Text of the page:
Cataloging the human microbiome—the complete collection of bacteria, fungi, archaea, protists, and viruses that live in and on our bodies—is an enormous task. Most estimates put the number of organisms who call us home on par with the number of our own cells. Imagine trying to figure out how the billions of critters influence each other and, ultimately, impact our health. Elhanan Borenstein, a computer scientist-cum-genomicist at the University of Washington, and his team are not only tackling this difficult challenge, they are also trying to obtain a systems-level understanding of the collective effect of all of the genes, proteins, and metabolites produced by the numerous species within the microbiome.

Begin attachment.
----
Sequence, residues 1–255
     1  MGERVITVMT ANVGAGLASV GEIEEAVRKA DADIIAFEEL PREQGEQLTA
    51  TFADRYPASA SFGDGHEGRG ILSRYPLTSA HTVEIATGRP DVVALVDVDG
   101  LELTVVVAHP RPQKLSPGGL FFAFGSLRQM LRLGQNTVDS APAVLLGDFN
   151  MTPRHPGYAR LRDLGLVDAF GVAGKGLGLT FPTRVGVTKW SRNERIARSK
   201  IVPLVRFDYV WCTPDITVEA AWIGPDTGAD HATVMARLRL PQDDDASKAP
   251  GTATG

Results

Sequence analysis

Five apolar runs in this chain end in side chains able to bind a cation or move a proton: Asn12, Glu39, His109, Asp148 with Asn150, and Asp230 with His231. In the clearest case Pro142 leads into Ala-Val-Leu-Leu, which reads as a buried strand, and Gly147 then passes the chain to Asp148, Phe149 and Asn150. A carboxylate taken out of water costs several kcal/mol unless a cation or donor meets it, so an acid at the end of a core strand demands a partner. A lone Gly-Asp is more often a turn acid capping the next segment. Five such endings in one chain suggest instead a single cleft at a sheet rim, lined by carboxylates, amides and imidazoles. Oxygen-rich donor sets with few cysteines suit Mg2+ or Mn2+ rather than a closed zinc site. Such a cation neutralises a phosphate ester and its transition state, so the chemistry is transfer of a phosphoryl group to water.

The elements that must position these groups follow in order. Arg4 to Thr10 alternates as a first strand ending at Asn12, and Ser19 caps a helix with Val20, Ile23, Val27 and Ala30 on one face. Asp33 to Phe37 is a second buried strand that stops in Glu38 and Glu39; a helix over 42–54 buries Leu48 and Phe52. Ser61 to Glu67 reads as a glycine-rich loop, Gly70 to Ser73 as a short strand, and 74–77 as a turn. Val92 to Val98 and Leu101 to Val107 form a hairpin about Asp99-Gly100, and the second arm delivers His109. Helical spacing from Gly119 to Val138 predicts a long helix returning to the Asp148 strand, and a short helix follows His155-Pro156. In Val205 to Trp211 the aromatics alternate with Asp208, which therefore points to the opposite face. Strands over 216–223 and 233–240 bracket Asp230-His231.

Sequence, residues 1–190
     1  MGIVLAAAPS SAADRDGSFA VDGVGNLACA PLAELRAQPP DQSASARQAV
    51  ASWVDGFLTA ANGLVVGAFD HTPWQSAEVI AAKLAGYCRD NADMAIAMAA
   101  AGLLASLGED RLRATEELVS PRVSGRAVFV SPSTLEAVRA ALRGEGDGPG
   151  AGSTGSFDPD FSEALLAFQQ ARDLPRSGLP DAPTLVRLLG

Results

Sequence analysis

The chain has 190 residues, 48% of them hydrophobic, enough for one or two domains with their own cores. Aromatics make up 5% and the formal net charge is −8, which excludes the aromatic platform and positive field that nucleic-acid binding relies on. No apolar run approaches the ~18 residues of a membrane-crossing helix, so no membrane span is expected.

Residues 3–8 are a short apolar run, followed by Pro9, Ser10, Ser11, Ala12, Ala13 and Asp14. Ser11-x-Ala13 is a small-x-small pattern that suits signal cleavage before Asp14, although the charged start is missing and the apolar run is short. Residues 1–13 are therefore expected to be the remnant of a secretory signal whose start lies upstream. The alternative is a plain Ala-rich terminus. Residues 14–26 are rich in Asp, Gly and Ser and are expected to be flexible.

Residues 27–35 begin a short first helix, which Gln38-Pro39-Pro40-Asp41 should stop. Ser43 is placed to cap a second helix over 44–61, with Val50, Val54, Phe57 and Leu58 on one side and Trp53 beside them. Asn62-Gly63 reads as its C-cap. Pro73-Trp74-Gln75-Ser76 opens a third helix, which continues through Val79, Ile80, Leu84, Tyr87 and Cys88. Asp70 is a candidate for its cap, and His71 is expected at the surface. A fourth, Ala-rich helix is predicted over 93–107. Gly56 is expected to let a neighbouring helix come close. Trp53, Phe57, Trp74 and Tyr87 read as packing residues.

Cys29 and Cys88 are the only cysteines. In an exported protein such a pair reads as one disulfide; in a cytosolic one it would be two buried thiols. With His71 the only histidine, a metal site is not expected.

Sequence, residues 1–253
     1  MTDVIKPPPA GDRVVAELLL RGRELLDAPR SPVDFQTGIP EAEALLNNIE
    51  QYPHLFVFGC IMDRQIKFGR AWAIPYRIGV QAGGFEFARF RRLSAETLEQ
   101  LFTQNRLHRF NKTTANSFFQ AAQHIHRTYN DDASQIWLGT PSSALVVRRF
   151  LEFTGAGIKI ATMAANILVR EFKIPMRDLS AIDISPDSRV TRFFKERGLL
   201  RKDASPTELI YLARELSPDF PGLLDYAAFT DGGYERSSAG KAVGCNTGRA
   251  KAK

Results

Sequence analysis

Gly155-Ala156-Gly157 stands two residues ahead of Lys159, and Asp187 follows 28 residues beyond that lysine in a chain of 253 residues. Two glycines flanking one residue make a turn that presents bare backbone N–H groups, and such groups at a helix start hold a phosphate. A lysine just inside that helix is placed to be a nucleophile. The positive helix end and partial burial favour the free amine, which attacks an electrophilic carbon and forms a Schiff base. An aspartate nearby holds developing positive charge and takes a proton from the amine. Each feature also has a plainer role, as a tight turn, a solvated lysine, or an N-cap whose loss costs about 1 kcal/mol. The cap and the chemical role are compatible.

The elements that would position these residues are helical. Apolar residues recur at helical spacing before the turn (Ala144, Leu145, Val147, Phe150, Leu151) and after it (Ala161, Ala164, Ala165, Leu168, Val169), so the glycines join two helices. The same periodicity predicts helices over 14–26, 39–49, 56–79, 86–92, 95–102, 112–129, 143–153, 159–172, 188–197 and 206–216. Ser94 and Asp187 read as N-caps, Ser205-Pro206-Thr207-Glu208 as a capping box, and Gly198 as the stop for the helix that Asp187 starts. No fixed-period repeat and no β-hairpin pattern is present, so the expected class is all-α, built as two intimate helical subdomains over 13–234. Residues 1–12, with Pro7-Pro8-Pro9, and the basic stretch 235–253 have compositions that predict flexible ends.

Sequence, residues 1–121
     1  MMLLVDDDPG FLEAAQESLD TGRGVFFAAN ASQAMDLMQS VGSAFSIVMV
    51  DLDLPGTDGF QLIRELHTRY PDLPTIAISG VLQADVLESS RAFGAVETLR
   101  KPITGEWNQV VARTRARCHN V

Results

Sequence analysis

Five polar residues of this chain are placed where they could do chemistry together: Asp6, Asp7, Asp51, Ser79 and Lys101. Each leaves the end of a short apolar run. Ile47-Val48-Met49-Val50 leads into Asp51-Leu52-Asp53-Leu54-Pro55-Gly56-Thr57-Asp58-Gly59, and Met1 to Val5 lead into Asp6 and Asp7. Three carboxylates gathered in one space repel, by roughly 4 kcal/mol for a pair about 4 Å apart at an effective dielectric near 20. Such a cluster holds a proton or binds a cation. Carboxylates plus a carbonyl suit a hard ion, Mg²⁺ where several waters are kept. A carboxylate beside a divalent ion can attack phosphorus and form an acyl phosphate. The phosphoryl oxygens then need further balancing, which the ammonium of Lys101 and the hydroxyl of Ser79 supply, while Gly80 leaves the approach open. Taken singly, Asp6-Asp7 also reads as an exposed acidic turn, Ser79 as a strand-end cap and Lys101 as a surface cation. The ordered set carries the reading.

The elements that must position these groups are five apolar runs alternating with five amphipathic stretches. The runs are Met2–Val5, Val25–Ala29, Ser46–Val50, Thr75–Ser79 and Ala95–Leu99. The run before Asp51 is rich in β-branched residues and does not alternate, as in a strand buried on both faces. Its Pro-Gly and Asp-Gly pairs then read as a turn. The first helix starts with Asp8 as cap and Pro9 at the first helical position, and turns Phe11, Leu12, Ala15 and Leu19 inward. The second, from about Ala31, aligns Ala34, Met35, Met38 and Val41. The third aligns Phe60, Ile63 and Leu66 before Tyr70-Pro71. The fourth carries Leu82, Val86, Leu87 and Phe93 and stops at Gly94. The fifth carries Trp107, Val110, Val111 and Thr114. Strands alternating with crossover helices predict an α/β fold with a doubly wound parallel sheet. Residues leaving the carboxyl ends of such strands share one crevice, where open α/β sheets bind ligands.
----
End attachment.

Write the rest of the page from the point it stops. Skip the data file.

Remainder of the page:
In this video, Borenstein describes the models of the microbiome he and his team create, and how they can be used to predict impacts on the microbiome resulting from a number of conditions, including dietary changes. His goal is to use these models to design synthetic microbiomes composed of certain species at certain abundances that can be transferred to a person to confer specific health benefits.
Dr. Borenstein’s work is funded in part by the NIH under grant 5R01GM124312.